Like other asset owners in recent years, even central banks have struggled to meet their (relatively low) return targets. Now, the prospect of depressed interest rates for years to come to support economies affected by Covid appears to have accelerated movements by reserve managers into riskier assets such as emerging market equities and private equity.
“[The market environment] is doing [central banks] realize that they need to change their mandates or their directives faster than before, âsaid Jahangir Aka, head of official institutions at the American fund house Neuberger Berman. âWhether it’s allowing private equity or derivatives or whatever, each of them needs to relax their guidelines in some way. “
This is a trend among the “first ranks” of central banks, said London-based Aka. AsianInvestor: those with substantial excess reserves which in many cases have already been allocated beyond traditionally safe fixed income assets.
In Asia, this would include the Bank of Korea, the Hong Kong Monetary Authority, the Monetary Authority of Singapore, the Bank of Thailand, and Bank Negara Malaysia.
A growing number of central banks are investing in Chinese bonds, and some of the leading banks are buying stocks in China and other emerging markets, Jahangir said. Some of those who are already exposed to listed stocks are even going into private equity through fund-of-fund strategies, he added, declining to identify any institutions.
“Reserves remain high, yields continue to fall, so reserve managers need to do something,” agreed Gary Smith, managing director of London-based consultancy Sovereign Focus.
Those who took action soon after the 2008 financial crisis “did pretty well,” he added. âIn addition, the stock markets rebounded in a very impressive way after the Covid crisis, which gave people the confidence to continue the diversification movement. “
In fact, a central bank in Europe even allocated a real estate fund a few years ago, Smith said, declining to give a name.
Such portfolio diversification has been a trend for some time, Aka said, but has accelerated under Covid, as rates will be lower for even longer than expected around this time last year.
âSome of these central banks – the ones with bigger balance sheets – have basic cash flow, so they can now invest,â he said. âThey won’t go for a longer term on fixed income because it’s not rewarded. But they can get a longer duration by going for alternatives, and it is starting to happen. “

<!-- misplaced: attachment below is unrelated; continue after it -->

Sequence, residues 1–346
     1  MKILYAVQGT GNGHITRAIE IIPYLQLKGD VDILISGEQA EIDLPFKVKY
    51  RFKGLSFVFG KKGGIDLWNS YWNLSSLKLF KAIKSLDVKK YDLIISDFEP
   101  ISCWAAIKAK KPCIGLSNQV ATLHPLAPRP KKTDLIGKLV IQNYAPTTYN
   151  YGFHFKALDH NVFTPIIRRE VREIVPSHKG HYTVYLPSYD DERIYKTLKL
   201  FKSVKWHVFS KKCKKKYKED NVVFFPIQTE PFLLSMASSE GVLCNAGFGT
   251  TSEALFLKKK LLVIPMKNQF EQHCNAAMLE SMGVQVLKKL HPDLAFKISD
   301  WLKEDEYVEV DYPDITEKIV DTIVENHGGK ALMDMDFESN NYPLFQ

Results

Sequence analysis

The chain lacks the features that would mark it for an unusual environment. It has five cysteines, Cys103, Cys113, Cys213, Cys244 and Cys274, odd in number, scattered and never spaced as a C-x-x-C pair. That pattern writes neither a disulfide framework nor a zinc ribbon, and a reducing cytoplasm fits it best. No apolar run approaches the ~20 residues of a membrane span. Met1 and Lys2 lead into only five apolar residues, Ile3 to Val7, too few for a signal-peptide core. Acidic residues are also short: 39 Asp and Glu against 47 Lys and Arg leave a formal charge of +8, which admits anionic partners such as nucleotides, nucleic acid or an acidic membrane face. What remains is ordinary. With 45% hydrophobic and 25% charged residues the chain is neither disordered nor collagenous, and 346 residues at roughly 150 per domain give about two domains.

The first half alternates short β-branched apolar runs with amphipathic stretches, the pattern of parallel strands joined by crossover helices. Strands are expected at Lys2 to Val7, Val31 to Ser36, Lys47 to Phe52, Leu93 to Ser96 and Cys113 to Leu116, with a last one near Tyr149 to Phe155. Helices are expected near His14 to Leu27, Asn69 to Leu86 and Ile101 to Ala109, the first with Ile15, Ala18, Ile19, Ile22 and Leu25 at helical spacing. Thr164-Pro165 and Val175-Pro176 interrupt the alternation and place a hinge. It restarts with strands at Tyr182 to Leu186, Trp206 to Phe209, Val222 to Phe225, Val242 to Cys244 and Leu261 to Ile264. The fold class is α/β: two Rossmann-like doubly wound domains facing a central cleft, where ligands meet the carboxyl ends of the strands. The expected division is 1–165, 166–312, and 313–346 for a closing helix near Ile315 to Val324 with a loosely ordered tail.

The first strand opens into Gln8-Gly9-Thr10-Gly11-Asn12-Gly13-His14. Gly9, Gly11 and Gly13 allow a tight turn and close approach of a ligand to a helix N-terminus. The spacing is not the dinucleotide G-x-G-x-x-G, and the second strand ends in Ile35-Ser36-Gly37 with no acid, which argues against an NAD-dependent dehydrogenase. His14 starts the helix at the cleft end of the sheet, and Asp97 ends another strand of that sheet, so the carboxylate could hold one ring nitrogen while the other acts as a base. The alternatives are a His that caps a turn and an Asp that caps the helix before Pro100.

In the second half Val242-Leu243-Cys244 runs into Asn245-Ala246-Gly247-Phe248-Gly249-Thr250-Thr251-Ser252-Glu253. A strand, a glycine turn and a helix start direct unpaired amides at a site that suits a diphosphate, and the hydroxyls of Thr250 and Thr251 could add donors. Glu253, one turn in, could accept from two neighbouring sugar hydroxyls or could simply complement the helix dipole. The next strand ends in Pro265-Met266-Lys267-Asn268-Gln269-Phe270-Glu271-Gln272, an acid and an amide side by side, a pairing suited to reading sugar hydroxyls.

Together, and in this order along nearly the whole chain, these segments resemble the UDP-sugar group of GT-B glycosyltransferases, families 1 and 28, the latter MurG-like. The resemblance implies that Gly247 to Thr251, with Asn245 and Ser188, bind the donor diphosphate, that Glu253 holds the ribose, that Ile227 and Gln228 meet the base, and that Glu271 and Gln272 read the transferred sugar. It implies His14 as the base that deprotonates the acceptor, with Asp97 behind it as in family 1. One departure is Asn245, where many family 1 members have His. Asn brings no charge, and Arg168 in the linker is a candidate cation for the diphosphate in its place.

A few reserve managers will implement an investment strategy at the helm, Aka said, that is, passive or active exposure to equities combined with alternative assets.
Of course, some countries have sovereign wealth funds that they can rely on to invest their public assets on a less limited basis, but others do not keep or prefer to keep some excess reserves in the central bank.
Either way, a consistent trend across Asia is that central banks “need to expand their [investment] guidelines, âJahangir said. “They all need to think about … how they’re going to slack off a bit, whether that’s by allowing the use of derivatives or of a longer duration – which have traditionally not been allowed – or by allowing [bonds] two notches below the investment category, which has not always been authorized.
Moreover, achieving more flexible guidelines is not a simple task, and it does not tend to happen quickly, even for less constrained institutions such as pension funds, which also face challenges of major performance.
For example, the Thai government pension fund wants to invest more in alternatives and equities and tries to remove the legal requirement that it must have at least 60% allocation in investment grade bonds.
NEGATIVE RATE CHALLENGE
One of the main drivers of the trend towards central bank diversification is the fact that much of the world now has negative real interest rates – where inflation is above the nominal interest rate.
A central bank’s priorities for its reserves are preservation, liquidity and yield – in that order, Jahangir said. Based on the US dollar’s inflation expectations of 1.5% to 2.3%, central banks could get a negative absolute return, he added. “Unless [they] can actually beat this 1.5% to 2.3%, [theyâre] not to reach [their] first preservation objective. “
An even bigger problem is negative nominal interest rates, says Smith: âSome central banks cannot cope when interest rates go negative; they have a real problem with that. This then makes any other diversification option more attractive.
The European Central Bank and the central banks of Denmark, Japan, Sweden and Switzerland have all started experimenting with negative interest rates, and the UK is playing with the idea.